But the powers that be at Marvel sure seem to enjoy making the fans feel angst about the fate of their comic book universe. Perhaps they’re right to do so if it means bigger sales and it finally brings in new readers. However, I am extremely apprehensive about the whole thing. 

Alonso is fond of saying that Marvel’s history isn’t broken and the company doesn’t need to reboot even while he hints that this might actually be a reboot. To that I say, “you break it, you bought it.” I’ve come to realize that the characters’ histories are part of the reason that I care so deeply about them. Without their backstories, a lot of the same creations felt like empty ciphers in the Ultimate Universe.

If the same thing happened to the Marvel Universe, it might mean that I finally have to divorce myself from this side of the hobby that I love so much. I really and truly do not want to do that. Avengers and Secret Wars writer Jonathan Hickman has signaled his desire to take some time off from Marvel after this event to focus on his creator owned comics. I think Hickman is a very talented writer, and I just hope he doesn’t burn down the castle on his way out the door.

That’s how I feel about it. Unleash your opinion below!

- Blair

Monday, January 19, 2015

How would you fix the DC universe?

Assisting me today with a speculative post on how to fix the DC universe is my good friend Scott Simmons. In thinking on the topic, I reached out to Scott because not only is he wise and well-spoken, but he also has extensive experience in comic book sales. (He worked at a local comics shop, Heroes and Dragons, on and off during the late '90s and early 2000s, during which he saw the end of the boom and the beginnings of the shift to digital.)

I notice a trend among commenters on the blog to lament what they see as the sorry state of the DC New 52 universe. While I'm not as down on the current line of DC comics as some people, I will admit that there is a real lack of innovation and differentiation among the titles. They tend to have the same look and feel. As a result, while sales seem okay (bolstered as they are by the weekly series and gimmick covers), there is no denying that, line-wide, DC is in a creative slump that is affecting sales. As proof of this, I offer up the recent mega-cancellation of 13 DC titles coming in a few months.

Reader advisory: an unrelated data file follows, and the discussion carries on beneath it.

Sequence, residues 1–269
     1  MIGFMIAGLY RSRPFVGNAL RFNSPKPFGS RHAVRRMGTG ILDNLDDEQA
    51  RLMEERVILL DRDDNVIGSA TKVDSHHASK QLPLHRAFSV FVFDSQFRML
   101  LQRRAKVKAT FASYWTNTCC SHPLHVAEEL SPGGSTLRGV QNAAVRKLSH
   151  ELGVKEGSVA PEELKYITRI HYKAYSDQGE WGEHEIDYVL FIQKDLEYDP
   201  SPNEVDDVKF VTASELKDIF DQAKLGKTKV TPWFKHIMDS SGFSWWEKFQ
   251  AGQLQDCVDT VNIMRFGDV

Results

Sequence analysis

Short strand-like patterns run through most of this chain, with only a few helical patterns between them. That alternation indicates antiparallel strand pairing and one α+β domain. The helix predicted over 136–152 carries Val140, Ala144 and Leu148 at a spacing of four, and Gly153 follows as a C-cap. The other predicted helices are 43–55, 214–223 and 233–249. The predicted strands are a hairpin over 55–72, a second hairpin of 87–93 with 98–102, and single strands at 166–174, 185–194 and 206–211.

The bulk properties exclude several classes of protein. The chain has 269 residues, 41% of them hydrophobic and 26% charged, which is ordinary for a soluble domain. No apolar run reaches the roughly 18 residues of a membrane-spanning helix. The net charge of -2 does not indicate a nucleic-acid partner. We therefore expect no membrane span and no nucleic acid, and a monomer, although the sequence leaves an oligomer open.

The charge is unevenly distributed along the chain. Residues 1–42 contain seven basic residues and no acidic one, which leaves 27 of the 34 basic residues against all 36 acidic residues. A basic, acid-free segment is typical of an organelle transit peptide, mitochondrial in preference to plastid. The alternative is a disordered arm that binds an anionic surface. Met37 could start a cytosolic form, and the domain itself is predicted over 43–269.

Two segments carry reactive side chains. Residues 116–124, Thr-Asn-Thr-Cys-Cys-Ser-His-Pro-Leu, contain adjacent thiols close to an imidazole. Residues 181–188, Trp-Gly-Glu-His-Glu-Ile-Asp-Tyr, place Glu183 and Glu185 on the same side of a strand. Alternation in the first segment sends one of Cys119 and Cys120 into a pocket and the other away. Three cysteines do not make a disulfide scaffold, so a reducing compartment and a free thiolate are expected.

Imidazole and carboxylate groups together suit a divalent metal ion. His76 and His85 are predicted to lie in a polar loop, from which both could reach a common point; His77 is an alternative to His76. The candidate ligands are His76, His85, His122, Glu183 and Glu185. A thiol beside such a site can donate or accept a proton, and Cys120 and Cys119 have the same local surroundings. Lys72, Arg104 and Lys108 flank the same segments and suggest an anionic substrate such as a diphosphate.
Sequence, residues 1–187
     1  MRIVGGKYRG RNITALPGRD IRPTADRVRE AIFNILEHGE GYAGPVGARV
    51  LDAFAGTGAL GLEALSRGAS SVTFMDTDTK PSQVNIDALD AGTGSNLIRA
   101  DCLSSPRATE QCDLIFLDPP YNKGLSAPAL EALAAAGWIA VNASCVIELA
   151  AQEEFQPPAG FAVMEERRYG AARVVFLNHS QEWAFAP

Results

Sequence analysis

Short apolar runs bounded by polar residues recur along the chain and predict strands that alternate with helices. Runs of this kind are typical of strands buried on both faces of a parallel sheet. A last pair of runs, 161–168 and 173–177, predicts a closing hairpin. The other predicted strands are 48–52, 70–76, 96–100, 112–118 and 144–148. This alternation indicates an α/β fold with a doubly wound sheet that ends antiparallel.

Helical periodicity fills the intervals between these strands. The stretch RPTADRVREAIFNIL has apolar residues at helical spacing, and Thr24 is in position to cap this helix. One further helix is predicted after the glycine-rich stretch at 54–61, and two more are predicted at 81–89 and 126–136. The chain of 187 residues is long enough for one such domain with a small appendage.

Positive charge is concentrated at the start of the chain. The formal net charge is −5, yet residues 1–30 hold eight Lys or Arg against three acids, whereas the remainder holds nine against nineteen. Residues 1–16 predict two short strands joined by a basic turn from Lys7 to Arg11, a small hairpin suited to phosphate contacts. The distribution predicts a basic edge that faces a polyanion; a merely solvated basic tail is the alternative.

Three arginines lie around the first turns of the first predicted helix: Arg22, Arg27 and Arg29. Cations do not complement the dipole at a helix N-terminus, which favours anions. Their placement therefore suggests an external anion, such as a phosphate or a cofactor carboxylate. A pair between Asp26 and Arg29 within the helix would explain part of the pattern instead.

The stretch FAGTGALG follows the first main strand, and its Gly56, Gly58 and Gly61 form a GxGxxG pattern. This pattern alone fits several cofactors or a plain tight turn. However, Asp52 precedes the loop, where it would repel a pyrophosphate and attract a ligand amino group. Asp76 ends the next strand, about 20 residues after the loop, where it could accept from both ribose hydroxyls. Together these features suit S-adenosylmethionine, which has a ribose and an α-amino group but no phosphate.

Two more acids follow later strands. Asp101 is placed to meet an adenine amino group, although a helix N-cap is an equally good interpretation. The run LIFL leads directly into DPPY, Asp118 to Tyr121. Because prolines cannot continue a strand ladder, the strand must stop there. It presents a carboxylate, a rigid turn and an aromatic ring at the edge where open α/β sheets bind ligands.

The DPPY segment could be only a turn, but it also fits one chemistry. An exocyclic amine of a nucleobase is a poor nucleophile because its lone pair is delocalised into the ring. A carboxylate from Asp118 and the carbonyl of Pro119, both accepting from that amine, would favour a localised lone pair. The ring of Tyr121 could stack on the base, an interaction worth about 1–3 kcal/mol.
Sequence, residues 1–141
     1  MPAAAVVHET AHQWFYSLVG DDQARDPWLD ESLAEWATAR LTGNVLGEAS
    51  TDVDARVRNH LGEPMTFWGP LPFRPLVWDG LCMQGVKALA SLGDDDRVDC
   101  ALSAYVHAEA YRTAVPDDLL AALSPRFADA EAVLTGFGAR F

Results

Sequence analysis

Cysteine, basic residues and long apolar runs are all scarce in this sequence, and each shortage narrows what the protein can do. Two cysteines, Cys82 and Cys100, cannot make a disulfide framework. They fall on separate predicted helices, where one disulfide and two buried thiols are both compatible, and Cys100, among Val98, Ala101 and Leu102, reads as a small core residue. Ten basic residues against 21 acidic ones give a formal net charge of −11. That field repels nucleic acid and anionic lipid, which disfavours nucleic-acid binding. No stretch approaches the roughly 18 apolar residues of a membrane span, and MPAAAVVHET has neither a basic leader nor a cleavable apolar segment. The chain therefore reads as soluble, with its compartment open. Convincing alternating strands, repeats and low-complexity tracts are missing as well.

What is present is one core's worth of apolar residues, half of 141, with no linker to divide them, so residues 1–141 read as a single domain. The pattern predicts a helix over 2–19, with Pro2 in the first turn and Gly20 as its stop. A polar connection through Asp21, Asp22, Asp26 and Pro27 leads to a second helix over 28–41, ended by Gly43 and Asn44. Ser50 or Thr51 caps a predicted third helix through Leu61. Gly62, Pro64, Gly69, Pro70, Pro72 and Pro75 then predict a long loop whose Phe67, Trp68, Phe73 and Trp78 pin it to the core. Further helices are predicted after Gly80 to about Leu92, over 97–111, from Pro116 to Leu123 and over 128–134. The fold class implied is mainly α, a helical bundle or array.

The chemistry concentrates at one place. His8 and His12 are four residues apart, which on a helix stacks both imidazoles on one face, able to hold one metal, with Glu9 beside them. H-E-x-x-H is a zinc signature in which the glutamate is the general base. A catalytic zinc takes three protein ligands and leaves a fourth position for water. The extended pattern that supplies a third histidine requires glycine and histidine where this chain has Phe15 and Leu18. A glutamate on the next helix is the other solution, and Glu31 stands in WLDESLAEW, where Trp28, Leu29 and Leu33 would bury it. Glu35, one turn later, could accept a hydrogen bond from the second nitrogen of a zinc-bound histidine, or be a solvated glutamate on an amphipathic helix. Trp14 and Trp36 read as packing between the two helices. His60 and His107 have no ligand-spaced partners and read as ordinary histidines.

This saddens me, because as much as I like the Marvel universe, I consider myself a DC fan. So, in typical armchair quarterback fashion, I asked myself how would I fix DC and this is what I came up with:

As I see as the problem - regardless of how many titles DC puts out, they tend to fall into the same category, Superhero Fight Comics. And that's all they are.

What if instead, they actually treated their comics line like a book publisher, with different genres:
  • Humor
  • Horror
  • Mystery
  • Science Fiction
  • Drama
  • Romance (that sounds like a weird one, but at one time Romance comics were huge AND they still hold the record for fastest growing genre/trend in the industry.)
For instance, for humor, they could put out these titles:

Jimmy Olsen
Blue Beetle and Booster Gold
Thunderworld (C. C. Beck-styled Marvel Family adventures)

Then, clearly brand the various titles by genre to make it easy for readers to find what they like. In a way, Vertigo used to work like this (sort of, but I think it got confused as time went on) and I recall many podcasters who said they would always try a new Vertigo title because that was brand they trusted.

With that as my proposed solution, I reached out to Scott to see what he thought of the idea. Here's what Scott said:

Your idea's a good one, and I may surprise you by stealing most of it and claiming it as my own!  If you were hoping for a wildly different answer, I hate to disappoint — though maybe I can redeem myself by explaining that I arrive at a similar conclusion by traveling a slightly different path.

However you feel about DC Comics now, you can't deny the company owned the 1990s.  Or that it had the greatest variety of output any comics publisher has ever enjoyed during that period.  (Yes, even including the late Golden Age, before the super-hero ascended as the one genre to rule all of comics.)

DC's success wasn't just because of Sandman or The Death of Superman.  It was because, as you point out, DC published a wide variety of titles in the '90s and leveraged their corporate parentage to penetrate every existing niche market within comics.

There were super-hero titles, sure — competitive ones, fighting variant-cover-for-variant-cover with Marvel and Image.  Superman #75, the climax of the aforementioned Death of Superman, nearly matched numbers with X-Men #1 and X-Force #1 — heck, it outsold McFarlane's Spider-Man #1 — and it did it on the basis of a story, albeit a gimmicky one, rather than first-issue-fueled speculation.